As a comedian, Ray Romano already conquered the world. Everybody Loves Raymond earned its place as one of the comedies of its era. His standup earned him acclaim and regular appearances on The Late Show. Now, he’s stepped into the director’s chair to open a new chapter. His directorial debut Somewhere in Queens plays on his strengths as a performer and storyteller. Yet his approach to complicated subject matter helps a fairly straightforward indie drama crackle to life.
Somewhere in Queens follows Leo, a man working for his father to support his family. His wife Angela (Laurie Metcalf) struggles with anxiety after beating cancer. His son “Sticks” (Jacob Ward) surprises a scout at a basketball game. The scout puts Sticks on a small college’s radar. However, before the tryout, his girlfriend Dani (Sadi Stanley) breaks up with him. When Lou thinks Sticks’ depression will cause him to miss a golden opportunity, he offers to give Dani money to continue dating his son.
Romano pushes Somewhere in Queens to reckon with its misguided characters. Romano co-wrote the film with Mark Stegemann, and the two provide plenty of plot to add depth to the world. Placing the story in the blue-collar suburbs of Queens also gives Romano a chance to flex his home turf. The comedian plays blue-collar characters regularly, and he imbues his hope for his son into the performance.
At no point does Romano ever lose control of the film. Comedically, it hits many of the same beats as his show, yet dramatically, there’s far more development. The pacing is perfect, and the plot is intricate enough to stand out. The cross between Can’t Buy Me Love, and Varsity Blues becomes an extremely heartfelt understanding of parental figures in sports.
Romano’s Lou takes center stage for most of the film. Lou does not get good guy treatment. In fact, Romano ensures his character acts selfishly throughout Somewhere in Queens. It explores the complicated feelings that parents feel while watching their children in athletic competitions. On one hand, we recognize the ability for teens to change their life through athletics. Even as we know how unlikely achieving a career in professional sports will be, hope springs eternal.
Yet what helps Somewhere in Queens step away from sports films about achievement is how Romano’s Lou lives vicariously through his son. Every moment of athletic greatness and triumph becomes Lou’s triumph. The way other parents and kids treat him helps him feel good. While he struggles to earn support from his father and brother, these moments become a reward to him. As long as his son plays, he too has value. It’s a fascinating psychological exploration and explains why Romano felt so compelled to make this his directorial debut.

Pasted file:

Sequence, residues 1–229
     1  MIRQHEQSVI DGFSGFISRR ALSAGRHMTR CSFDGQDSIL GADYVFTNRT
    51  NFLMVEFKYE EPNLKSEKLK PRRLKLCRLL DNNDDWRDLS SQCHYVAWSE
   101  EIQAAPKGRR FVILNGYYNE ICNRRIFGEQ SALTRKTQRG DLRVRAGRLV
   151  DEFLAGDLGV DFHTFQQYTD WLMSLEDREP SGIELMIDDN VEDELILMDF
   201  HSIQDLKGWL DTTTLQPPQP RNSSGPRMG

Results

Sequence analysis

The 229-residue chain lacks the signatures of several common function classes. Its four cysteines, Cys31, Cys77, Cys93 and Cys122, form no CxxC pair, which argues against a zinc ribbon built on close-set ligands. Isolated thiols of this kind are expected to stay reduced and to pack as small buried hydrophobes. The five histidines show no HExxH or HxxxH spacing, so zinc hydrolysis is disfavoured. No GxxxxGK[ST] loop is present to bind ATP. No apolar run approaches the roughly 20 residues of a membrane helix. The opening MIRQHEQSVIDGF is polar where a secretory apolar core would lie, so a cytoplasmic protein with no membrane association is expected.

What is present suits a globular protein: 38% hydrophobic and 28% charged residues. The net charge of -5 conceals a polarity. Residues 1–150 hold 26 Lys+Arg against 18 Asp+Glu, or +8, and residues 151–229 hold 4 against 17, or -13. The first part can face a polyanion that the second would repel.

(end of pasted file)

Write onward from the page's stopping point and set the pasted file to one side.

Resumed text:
In addition to Romano’s complicated turn, Metcalf once again proves herself in a class by herself. While her husband attempts to push every door open to create a sense of family glory, Metcalf’s Angela wishes to pull her son in tighter. After her own battles with mortality and cancer, her son’s choice to spend time with another woman further threatens her place. This too comes from an act of selfishness, but unlike Lou, Angela possesses the self-awareness to see it as such.
Metcalf imbues the character with energetic anxiety. She delivers one-liners better than any actress alive. The comedy and frustration she wears on her face showcases her impeccable facial acting. Metcalf can shift the entire emotion of a scene with a simple expression, and Somewhere in Queens provides her with material every bit as complicated as her Lady Bird performance.
However, while Romano and Metcalf elevate Somewhere in Queens with their performances, the rest of the cast struggles to keep up. Oftentimes, they lean into the caricatures of an Italian family. Rather than provide more nuance among these characters, they become easy comedy vessels, but it also causes the film to lose some of its poignancy. Jon Manfrellotti and Tony Lo Bianco stand out for their emotional connections to Romano’s character, but few others do.
The Ward and Stanley relationship bears some fruit but ultimately feels like it’s missing something. Stanley gets the more complicated arc, while Ward plays into the awkwardness of high school life. Each gets standout moments, but there’s an undeniable feeling there was something more to extract here. Somewhere in Queens needs a little more from these performances but also lacks in the screenplay department as well.
Somewhere in Queens impresses, both as Romano’s debut and as a complicated look at the world of high school athletics. Trauma and frustrations with parenting continue to find their way into the mainstream. Stories like this one help us understand the errors of our ways while providing an honest portrayal of all involved. The nuance with which Romano directs makes us very excited for his next directorial swing.